default_log_levels=log.get_default_log_levels() + ['noisy=WARN'],

Generating Machine Readable Configs

All deployment tools have to solve a similar problem: how to generate the config files for each service at deployment time. To help with this problem, oslo-config-generator can generate machine-readable sample config files that output the same data as the INI files used by oslo.config itself, but in a YAML or JSON format that can be more easily consumed by deployment tools.


The YAML and JSON-formatted files generated by oslo-config-generator cannot be used by oslo.config itself - they are only for use by other tools.

For example, some YAML-formatted output might look like so:

  config_dir: []
  config_file: []
  format_: yaml
  minimal: false
  - keystone
  output_file: null
  summarize: false
  wrap_width: 70
    help: ''
    - advanced: false
      choices: []
      default: null
      deprecated_for_removal: false
      deprecated_opts: []
      deprecated_reason: null
      deprecated_since: null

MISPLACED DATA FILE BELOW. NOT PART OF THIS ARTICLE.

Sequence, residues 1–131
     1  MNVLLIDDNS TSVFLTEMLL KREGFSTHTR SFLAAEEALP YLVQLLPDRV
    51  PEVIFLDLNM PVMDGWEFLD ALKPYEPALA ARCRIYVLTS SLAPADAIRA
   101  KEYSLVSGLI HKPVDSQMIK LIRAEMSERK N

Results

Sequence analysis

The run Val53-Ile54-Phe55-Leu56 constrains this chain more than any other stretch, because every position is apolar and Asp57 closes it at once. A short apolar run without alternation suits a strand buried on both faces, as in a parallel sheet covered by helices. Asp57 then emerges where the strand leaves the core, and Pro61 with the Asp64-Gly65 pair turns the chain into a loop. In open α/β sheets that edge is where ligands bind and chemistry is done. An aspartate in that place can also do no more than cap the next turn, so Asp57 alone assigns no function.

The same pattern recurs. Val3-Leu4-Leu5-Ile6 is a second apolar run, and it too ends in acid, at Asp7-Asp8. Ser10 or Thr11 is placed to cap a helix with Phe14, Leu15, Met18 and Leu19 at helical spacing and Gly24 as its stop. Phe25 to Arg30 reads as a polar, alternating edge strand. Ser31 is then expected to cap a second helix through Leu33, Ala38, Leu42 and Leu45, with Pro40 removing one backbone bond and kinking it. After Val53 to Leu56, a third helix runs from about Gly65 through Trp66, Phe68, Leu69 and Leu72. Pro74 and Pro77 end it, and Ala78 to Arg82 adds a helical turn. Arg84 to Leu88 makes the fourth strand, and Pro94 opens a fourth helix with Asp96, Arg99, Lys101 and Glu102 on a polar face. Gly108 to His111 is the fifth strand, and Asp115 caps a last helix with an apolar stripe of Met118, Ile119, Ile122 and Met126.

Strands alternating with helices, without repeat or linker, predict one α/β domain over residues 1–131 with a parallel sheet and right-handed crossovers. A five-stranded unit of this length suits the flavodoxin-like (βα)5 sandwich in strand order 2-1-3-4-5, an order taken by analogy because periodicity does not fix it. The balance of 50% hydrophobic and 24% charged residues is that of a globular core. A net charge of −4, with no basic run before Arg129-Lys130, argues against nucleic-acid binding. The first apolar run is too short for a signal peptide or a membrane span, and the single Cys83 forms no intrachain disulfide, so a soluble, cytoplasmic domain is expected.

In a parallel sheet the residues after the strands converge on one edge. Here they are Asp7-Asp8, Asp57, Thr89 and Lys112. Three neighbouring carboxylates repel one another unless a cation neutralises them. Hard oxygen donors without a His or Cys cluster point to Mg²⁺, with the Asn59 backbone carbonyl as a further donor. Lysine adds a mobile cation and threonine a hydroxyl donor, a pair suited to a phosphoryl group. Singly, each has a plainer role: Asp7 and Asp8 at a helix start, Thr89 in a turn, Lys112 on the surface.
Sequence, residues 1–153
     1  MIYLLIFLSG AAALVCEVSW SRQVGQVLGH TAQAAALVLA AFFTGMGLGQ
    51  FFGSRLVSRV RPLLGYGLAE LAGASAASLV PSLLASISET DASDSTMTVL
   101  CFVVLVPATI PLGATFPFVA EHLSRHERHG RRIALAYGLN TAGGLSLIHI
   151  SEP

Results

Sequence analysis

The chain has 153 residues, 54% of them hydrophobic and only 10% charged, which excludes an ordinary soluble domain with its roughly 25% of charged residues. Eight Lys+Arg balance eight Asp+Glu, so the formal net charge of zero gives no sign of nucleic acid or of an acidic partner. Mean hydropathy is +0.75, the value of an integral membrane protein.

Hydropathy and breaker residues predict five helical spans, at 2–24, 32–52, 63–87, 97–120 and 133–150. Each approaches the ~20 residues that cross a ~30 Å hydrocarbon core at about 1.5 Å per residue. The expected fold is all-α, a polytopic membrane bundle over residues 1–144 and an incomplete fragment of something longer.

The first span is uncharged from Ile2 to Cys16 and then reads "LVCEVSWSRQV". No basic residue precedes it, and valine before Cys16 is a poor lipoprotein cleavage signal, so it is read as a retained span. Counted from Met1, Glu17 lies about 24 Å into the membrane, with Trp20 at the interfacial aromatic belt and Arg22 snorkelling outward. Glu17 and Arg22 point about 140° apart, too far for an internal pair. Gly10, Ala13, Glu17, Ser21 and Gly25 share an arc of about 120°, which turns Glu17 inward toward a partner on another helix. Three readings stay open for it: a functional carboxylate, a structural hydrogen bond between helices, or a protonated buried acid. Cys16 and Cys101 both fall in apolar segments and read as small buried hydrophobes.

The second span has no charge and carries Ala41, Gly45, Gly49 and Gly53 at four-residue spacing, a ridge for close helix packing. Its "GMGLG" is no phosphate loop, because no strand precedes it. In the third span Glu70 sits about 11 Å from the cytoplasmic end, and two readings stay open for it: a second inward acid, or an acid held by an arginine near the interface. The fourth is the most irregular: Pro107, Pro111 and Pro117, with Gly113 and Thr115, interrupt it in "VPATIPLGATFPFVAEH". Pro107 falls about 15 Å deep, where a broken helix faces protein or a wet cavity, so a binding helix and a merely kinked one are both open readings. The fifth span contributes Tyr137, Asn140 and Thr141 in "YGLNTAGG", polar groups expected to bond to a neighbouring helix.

dest: admin_token
      help: Using this feature is *NOT* recommended. Instead, use the `keystone-manage
        bootstrap` command. The value of this option is treated as a "shared secret"
        that can be used to bootstrap Keystone through the API. This "token" does
        not represent a user (it has no identity), and carries no explicit authorization
        (it effectively bypasses most authorization checks). If set to `None`, the
        value is ignored and the `admin_token` middleware is effectively disabled.
        However, to completely disable `admin_token` in production (highly recommended,
        as it presents a security risk), remove `AdminTokenAuthMiddleware` (the `admin_token_auth`
        filter) from your paste application pipelines (for example, in `keystone-paste.ini`).
      max: null
      metavar: null
      min: null
      mutable: false
      name: admin_token
      namespace: keystone
      positional: false
      required: false